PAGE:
Things just aren’t getting any better for Greece at the moment, with the political and economic turmoil over there having huge effects on how people pay for things.
Last Friday, Buzzfeed reported on Greek people’s inability to buy products on iTunes, even for €0.99, following restrictions on how money can be spent.
Now it seems that those wily enough to shift away from euros and dive into the world of online currencies are facing their own problems.
Last week, Coinbase stated that it was waiving fees for customers buying Bitcoin with euros. However, due to a software update, delays of several hours between Bitcoin transactions are causing difficulties.
‘I don’t know if it has happened to this extent before, as Bitcoin is so much bigger now’
– GIL LURIA, ANALYST
It’s actually a weird problem, to do with how Bitcoin’s decentralised system means users update to the latest version as they see fit. So, people trading with different updates of Bitcoin are throwing it all off kilter.
More money more problems
And there are a lot more people trading in Bitcoin nowadays. Nearly 120,000 Bitcoin transactions took place on a single day in early June, up 10 times from June 2011, according to CoinDesk.
Analysts predict that the software issue will be fixed soon, but this isn’t the first case of Bitcoin’s model causing issues.
“But I don’t know that it’s happened to this extent, because Bitcoin has never been this big,” said Gil Luria, an analyst at Wedbush Securities.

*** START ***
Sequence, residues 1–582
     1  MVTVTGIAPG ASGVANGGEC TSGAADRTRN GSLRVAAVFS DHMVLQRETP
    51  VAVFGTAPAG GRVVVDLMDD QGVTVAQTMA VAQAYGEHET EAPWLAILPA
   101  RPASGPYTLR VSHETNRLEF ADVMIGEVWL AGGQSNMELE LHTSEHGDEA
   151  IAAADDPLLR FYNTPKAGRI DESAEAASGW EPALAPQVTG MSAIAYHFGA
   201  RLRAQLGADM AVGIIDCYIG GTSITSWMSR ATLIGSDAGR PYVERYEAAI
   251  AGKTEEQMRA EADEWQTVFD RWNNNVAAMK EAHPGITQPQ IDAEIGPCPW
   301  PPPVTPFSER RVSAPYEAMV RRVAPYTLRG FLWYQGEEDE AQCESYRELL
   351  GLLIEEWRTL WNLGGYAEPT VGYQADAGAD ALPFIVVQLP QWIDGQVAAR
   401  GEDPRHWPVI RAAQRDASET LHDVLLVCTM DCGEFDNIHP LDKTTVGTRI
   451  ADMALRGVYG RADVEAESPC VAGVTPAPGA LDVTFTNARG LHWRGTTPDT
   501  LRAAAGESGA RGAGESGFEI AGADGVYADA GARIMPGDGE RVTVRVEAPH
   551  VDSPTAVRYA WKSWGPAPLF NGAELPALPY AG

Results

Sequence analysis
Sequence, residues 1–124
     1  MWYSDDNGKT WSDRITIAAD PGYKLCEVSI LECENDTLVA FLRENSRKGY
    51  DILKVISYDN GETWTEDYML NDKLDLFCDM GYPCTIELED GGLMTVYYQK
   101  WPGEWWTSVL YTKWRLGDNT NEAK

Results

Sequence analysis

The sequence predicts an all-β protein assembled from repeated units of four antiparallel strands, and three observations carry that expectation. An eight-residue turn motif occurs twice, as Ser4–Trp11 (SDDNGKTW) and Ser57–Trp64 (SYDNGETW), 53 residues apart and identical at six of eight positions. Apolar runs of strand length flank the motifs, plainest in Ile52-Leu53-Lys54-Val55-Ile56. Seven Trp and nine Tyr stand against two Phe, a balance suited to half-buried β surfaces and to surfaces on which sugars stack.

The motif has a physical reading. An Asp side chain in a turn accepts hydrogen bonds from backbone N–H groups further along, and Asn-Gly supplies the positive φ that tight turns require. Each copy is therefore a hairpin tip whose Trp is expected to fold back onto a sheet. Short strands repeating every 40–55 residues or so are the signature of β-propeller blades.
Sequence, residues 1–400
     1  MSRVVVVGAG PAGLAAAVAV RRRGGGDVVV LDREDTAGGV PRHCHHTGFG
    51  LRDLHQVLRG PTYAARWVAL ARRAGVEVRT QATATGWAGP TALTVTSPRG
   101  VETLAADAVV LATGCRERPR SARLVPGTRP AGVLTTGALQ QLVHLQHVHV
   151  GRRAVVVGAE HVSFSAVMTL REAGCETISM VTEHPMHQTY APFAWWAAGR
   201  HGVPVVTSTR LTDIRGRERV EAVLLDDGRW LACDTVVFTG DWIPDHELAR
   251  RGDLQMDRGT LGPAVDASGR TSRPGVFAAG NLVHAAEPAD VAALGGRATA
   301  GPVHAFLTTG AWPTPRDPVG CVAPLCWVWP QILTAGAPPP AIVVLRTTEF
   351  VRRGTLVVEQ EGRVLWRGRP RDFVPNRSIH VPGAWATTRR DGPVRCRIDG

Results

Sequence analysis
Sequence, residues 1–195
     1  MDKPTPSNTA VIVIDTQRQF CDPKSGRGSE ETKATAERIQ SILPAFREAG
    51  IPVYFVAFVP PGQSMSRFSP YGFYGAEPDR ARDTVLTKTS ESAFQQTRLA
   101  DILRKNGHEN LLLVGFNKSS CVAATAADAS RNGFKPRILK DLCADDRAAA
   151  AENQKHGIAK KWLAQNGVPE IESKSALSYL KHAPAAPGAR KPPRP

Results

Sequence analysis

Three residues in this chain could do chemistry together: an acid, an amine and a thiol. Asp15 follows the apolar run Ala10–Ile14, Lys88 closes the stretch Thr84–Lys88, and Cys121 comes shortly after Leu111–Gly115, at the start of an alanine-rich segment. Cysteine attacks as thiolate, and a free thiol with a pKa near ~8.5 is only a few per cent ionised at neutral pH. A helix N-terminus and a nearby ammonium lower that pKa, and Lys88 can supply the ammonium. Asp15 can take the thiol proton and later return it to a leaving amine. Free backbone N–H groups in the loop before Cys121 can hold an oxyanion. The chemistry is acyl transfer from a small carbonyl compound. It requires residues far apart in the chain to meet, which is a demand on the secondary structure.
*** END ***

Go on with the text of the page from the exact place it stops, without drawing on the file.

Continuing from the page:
This growth is something that was predicted a week ago, in the lead-up to Greece’s recent referendum. The Guardian reported of an expected surge in popularity for web currencies like Bitcoin.
“In theory, when the conventional financial system is experiencing turbulence, alternative currencies such as Bitcoin should have their time to shine,” read the report.
Can’t control Bitcoin, can control cash
“The decentralised nature of the currency means that it’s impossible for any central bank to impose controls on it, while the pseudonymity at its core could make it the perfect vehicle to get money into and out of the country while avoiding legal reprisals.”
Of course, the issue with spending money outside of Greece’s borders poses other frustrations for Greeks.
The Greek government brought in state controls to stop any flow of currency out of the country. This means, for example, that Greeks can remove just €60 a day from ATMs, while tourists can withdraw ten times that.
It also means, though, that they have halted many payments made by Greek credit cards onto international services.
This means that Apple’s App Store, for example, is off limits.
— Sotiris B (@innov8rX) July 1, 2015
*Update, 9.30 am, 8 July*
Since the publication of this article, PayPal – which was originally included in the headline of the article – has supplied us with a statement on its activities in Greece:
“PayPal aims to continue serving our valued customers in Greece in full, as we have for over a decade in this country. We are carefully monitoring the situation in Greece and progress of negotiations between the Greek government and its lenders.
“Due to the recent decisions of the Greek authorities on capital controls, funding of PayPal wallet from Greek bank accounts, as well as cross-border transactions funded by any cards or bank accounts are currently not available. Payment attempts may also be declined by the card issuer or banking institution. Other PayPal services, including receiving payments remain available.”
Main image, via Shutterstock
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